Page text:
Thursday, September 19, 2013

Clean Energy Jobs Boom 11.8% In Massachusetts And Total More Than Marcellus Gas Drilling Direct Jobs

The boom in clean energy jobs in Massachusetts continues, with another 11.8% growth in the last 12 months, and now 79,994 there.  That total is just direct jobs and does not include indirect and induced.

Let's put the Massachusetts 79,994 clean energy jobs total in context. It is considerably more direct jobs than has been created in Pennsylvania by the Marcellus boom.  In fact, 30,000 direct jobs have been created by gas production in the Commonwealth, according to the Corbett Administration.

Yet, another reason Pennsylvania ranks 49th in job creation is the Corbett's administration neglect or hostility of clean energy jobs.


  1. The reported numbers of "Green Jobs" created is notoriously difficult to get our hands around. It is not entirely clear what a green job is, and the criteria for calling something a green job is something of a non-scientific endeavor. Is a worker at a nuclear plant employed in a green job? Are all the secretaries and lawyers required to work actually in green jobs? And much more.

    But the more important point is this: we don't really care about jobs. It's easy to create jobs. Without being too snarky, we can all just hand people shovels to do the work of a backhoe. That is not a sign of progress. That said, how much energy per job created are we seeing in Massachusetts? And how much energy per job created are we seeing in the gas areas? It is actually a virtue of gas that it does not require many people to produce. Isn't it better to get cheap energy with only a few people laboring to get it than to get the same cheap energy with more? That frees up all of those workers to do other important things for us. I don't know squat about PA and its labor market for what it's worth, but the "low" number of jobs in the gas sector should be celebrated, not a point of fear or worry.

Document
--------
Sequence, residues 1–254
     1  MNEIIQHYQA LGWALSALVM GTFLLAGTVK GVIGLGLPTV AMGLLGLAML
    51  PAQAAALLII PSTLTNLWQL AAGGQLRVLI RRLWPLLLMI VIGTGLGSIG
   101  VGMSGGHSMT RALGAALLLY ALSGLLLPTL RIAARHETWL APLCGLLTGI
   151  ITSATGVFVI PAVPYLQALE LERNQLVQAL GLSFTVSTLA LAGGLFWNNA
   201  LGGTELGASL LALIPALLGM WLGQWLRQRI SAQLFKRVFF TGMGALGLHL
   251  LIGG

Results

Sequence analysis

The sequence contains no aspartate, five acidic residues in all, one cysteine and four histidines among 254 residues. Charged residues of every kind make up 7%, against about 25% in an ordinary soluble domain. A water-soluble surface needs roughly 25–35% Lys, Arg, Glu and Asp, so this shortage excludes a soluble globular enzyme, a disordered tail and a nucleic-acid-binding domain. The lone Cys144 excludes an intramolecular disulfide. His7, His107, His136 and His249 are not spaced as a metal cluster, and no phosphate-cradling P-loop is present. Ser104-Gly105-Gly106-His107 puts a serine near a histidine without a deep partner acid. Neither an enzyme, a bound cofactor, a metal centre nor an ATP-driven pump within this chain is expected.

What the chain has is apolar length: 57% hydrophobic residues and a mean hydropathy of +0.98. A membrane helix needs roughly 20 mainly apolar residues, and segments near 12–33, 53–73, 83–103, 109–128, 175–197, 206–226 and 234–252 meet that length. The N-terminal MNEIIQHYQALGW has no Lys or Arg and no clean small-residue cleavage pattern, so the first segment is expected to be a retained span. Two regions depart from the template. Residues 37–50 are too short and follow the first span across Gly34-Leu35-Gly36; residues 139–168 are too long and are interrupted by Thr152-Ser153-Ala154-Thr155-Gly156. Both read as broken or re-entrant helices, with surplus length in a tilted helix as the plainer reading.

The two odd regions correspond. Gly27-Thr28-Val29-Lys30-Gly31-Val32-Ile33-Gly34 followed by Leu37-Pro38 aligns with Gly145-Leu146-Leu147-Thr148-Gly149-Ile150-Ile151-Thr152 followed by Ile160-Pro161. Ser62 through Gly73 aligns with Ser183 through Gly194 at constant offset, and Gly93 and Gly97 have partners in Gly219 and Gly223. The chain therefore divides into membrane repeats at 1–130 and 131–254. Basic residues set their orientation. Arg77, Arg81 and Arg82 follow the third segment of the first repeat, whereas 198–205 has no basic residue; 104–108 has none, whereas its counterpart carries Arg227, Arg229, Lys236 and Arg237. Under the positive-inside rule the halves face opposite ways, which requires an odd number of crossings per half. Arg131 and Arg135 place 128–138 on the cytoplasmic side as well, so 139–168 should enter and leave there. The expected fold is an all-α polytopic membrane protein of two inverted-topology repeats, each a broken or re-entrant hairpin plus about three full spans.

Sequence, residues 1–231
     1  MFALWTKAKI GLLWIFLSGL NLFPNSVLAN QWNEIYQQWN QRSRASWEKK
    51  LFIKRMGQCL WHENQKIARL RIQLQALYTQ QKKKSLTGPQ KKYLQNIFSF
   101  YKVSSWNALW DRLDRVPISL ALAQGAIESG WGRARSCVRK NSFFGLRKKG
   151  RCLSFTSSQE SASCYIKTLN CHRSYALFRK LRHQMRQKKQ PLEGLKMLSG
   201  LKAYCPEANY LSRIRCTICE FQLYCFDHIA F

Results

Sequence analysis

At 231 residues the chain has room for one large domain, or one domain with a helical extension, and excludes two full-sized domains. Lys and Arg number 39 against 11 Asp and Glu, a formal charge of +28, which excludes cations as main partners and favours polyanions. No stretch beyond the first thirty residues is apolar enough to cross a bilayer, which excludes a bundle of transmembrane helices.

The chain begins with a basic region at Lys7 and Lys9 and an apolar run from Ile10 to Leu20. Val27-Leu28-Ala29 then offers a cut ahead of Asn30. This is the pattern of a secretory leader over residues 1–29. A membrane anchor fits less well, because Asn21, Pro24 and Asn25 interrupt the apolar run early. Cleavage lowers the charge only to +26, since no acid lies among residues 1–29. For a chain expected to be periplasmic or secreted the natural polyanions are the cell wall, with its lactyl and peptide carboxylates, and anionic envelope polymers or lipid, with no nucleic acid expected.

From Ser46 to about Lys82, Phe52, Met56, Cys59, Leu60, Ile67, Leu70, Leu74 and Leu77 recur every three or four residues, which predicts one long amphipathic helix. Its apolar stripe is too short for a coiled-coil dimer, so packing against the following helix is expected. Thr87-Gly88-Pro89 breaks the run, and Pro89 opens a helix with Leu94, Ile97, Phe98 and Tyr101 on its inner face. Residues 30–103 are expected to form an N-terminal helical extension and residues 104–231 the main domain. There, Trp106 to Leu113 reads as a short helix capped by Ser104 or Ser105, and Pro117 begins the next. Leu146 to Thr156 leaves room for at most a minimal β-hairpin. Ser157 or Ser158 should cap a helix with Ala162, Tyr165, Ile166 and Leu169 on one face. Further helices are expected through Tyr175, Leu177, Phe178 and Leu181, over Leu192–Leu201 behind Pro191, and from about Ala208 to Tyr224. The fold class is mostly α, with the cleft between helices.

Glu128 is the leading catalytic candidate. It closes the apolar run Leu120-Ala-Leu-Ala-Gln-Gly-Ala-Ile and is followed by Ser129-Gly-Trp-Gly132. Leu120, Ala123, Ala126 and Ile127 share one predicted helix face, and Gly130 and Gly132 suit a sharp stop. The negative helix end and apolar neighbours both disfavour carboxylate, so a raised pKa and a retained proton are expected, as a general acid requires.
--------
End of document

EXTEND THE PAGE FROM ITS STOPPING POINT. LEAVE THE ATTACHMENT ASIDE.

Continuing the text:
2. interesting, but if an industry is using the job creation mantra as a selling point then....PA cannot afford-literally to put all its eggs in the gas basket and that is what we are seeing. There is no one "perfect" energy source at this time. An energy plan using greener, renewable energy sources should be the goal with reliance on fossil fuels being phased out. It will not happen overnight but it certainly should be the plan. I will say this, the lawyers are certainly finding jobs in PA as a result of the gas rush. Are they counted in the gas industry numbers?

  3. Incentives in PA need to be improved for solar and groundsource- how about some direct grants using ACT 13 to install systems??

  4. How about abolishing ACT 13 as illegal